their minds to submit to their present fate without resistance.    The wife, however, replied that, as they had
but one life to lose, they were   the more  decidedly
bound to defend it to the last, even under the most
desperate  circumstances';   adding that, as they were
young and by no means pitiful, they had an additional
motive for preventing their hearts from becoming small.
Then,   suiting   the  action  to  the  word,  the heroine
brought the foremost warrior to the earth with a bullet,
while the husband, animated by a mixture of shame
and hope, disposed of two more of the enemy with his
arrows.    The fourth, who had by this time come to
pretty close quarters, was ready to take vengeance on
the courageous woman, with uplifted tomahawk, when
he stumbled and fell;   and, in the twinkling of an eye,
the dagger of his intended victim was buried in his
heart.    Dismayed at the death of his four companions,
the sole survivor of the assailing party saved himself ROUND THE WORLD.
by flight, after wounding his male opponent by a ball
in the arm.
It was six o'clock next morning before our people
returned with the missing horses, which they had found
about fifteen miles behind. On starting, we proceeded
up a bold pass in the mountains, in which we crossed
two branches of the Bow River, the south branch, as
already mentioned, of the Saskatchewan. From the
top of a peak, that rose perpendicularly at least two
thousand feet, there fell a stream of water, which,
though of very considerable volume, looked like a
thread of silver on the gray rock. It was said to be
known as the Spout, and to serve as a landmark in this
wilderness of cliffs.
About two in the afternoon, we reached, as Peechee
assured us, the Bow River Traverse, the spot at which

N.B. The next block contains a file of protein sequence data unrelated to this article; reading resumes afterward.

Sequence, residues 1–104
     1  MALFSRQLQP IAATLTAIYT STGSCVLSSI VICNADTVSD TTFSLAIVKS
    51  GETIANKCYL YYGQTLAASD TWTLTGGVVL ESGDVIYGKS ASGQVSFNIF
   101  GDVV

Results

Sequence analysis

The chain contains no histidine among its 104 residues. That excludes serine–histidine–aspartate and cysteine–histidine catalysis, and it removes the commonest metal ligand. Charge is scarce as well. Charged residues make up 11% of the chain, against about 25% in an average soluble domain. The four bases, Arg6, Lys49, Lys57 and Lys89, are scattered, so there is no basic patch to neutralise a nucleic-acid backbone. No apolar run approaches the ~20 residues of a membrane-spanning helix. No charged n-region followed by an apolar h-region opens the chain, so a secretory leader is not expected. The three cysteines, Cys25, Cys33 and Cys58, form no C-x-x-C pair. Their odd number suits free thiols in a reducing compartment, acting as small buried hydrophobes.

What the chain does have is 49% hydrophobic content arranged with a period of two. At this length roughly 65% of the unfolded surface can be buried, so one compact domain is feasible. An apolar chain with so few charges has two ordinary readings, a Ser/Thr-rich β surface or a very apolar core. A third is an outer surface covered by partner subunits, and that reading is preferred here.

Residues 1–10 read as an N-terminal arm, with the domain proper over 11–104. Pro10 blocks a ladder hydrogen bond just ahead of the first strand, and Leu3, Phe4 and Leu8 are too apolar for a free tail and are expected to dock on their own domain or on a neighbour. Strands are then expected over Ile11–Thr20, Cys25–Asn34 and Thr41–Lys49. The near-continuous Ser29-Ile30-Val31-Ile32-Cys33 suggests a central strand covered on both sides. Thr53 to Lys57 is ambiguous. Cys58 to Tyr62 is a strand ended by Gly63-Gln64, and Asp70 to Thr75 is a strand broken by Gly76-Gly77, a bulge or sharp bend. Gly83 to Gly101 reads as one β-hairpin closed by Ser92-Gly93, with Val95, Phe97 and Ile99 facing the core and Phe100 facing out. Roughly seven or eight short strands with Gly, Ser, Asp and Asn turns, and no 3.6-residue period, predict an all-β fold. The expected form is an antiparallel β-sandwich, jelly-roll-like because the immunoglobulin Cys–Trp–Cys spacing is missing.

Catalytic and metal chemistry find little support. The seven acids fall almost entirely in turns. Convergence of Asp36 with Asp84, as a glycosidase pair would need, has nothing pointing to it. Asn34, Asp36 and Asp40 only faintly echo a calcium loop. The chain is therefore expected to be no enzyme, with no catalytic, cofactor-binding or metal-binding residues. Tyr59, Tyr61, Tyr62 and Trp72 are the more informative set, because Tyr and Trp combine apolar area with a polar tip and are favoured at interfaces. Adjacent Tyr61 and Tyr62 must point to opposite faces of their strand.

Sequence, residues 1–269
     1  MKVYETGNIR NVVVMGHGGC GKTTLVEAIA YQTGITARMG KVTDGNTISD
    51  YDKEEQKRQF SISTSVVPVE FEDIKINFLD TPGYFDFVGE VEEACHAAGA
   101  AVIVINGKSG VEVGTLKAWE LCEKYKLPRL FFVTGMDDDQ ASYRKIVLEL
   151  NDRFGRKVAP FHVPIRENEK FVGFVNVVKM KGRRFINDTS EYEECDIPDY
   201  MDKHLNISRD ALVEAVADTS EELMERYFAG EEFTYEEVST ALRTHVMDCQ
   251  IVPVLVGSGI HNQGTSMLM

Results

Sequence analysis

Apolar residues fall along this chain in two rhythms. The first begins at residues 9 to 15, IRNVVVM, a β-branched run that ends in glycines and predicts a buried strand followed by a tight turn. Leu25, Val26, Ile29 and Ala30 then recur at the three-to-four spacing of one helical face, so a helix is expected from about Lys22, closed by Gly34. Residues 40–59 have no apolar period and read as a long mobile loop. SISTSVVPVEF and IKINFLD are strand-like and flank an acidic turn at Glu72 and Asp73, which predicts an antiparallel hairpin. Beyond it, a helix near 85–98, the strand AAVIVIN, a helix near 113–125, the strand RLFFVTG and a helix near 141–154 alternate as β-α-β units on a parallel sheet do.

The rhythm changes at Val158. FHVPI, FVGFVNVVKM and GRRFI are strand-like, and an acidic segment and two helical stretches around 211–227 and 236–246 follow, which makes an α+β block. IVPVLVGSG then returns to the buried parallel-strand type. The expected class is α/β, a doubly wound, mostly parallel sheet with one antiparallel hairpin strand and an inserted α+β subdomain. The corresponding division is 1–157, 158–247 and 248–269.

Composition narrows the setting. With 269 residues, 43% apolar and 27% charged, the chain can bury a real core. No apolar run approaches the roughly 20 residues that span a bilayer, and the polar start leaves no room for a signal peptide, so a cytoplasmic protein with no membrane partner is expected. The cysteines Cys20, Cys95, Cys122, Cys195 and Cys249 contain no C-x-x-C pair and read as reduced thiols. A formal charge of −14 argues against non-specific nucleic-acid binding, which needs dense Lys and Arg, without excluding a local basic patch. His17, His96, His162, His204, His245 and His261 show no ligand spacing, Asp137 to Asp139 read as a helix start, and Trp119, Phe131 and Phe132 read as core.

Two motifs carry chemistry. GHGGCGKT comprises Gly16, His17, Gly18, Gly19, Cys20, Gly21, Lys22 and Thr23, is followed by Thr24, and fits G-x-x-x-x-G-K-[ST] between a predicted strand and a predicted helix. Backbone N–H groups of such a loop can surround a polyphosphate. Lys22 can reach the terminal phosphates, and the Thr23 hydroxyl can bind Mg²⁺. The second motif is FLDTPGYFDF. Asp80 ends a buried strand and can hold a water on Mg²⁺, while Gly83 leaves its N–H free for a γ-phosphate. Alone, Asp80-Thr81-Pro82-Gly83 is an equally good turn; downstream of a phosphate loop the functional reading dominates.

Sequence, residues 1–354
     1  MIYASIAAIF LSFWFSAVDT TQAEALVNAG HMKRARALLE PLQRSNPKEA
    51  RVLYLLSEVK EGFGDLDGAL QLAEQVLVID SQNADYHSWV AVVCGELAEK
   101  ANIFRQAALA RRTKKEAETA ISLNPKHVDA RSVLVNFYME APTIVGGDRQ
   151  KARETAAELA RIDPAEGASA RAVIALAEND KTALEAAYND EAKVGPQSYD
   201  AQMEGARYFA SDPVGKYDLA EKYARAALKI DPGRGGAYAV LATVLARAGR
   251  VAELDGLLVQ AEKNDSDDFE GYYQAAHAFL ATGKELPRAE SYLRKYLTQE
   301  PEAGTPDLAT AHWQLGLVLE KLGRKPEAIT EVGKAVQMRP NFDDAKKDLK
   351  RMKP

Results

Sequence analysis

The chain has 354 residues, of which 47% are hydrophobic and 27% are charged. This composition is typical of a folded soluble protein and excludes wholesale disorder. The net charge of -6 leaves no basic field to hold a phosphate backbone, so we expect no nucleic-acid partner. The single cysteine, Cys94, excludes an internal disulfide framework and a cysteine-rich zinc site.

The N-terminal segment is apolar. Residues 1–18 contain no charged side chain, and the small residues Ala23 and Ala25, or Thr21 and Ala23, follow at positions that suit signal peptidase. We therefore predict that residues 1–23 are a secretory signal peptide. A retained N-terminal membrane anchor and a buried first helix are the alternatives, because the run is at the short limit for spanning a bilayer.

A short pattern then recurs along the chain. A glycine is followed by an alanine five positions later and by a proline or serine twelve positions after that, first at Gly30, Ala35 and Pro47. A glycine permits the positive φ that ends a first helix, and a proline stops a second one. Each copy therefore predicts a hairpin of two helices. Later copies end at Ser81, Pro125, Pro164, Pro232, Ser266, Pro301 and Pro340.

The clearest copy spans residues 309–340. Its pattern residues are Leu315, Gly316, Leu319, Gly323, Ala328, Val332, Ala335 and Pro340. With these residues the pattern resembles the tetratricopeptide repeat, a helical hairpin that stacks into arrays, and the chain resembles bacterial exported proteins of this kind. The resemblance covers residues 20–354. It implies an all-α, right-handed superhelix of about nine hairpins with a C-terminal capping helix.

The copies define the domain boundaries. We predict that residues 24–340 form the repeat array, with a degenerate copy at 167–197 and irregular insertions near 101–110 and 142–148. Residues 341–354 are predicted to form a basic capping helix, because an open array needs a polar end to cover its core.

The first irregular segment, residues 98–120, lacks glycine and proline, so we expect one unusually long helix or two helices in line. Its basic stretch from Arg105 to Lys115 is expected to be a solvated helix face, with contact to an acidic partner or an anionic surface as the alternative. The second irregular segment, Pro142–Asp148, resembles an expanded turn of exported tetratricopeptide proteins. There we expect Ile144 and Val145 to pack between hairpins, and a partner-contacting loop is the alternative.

a fresh guide from the west side of the mountains, of
the name of Berland, was to meet us with a relay of
horses. But, whether this was the Bow River Traverse or not, no Berland was here to be found. Thinking that the two guides might have different notions as
to the precise place of rendezvous, we despatched two
men to another crossing-place about two miles farther
up the stream, instructing them, according to circumstances, either to return to this point and pursue our
track, or else to cut across the country in order to join
us. The river, the same as that which we crossed before reaching Carlton, was here about a hundred and
fifty yards in width, with a strong and deep current.
We conveyed baggage and horses, and everything else,
on a raft covered with willows; and, as we finished the OVERLAND JOURNEY
operation only at sunset, we encamped for the night on
the south or right bank of the stream,
As we were always glad to make our guns save our
pemmican, we had to-day knocked down a porcupine
which, being desperately hungry, we pronounced to
be very good fare. We had also tried, but in vain, to
get within shot of some of the goats and sheep that
were clambering and leaping on the peaks; the flesh of
the latter is reckoned a great delicacy; but that of the
former is not much esteemed.
The water of the river was cold, being formed chiefly
of melted snow; and the temperature of a small tributary in the neighbourhood of our camp proved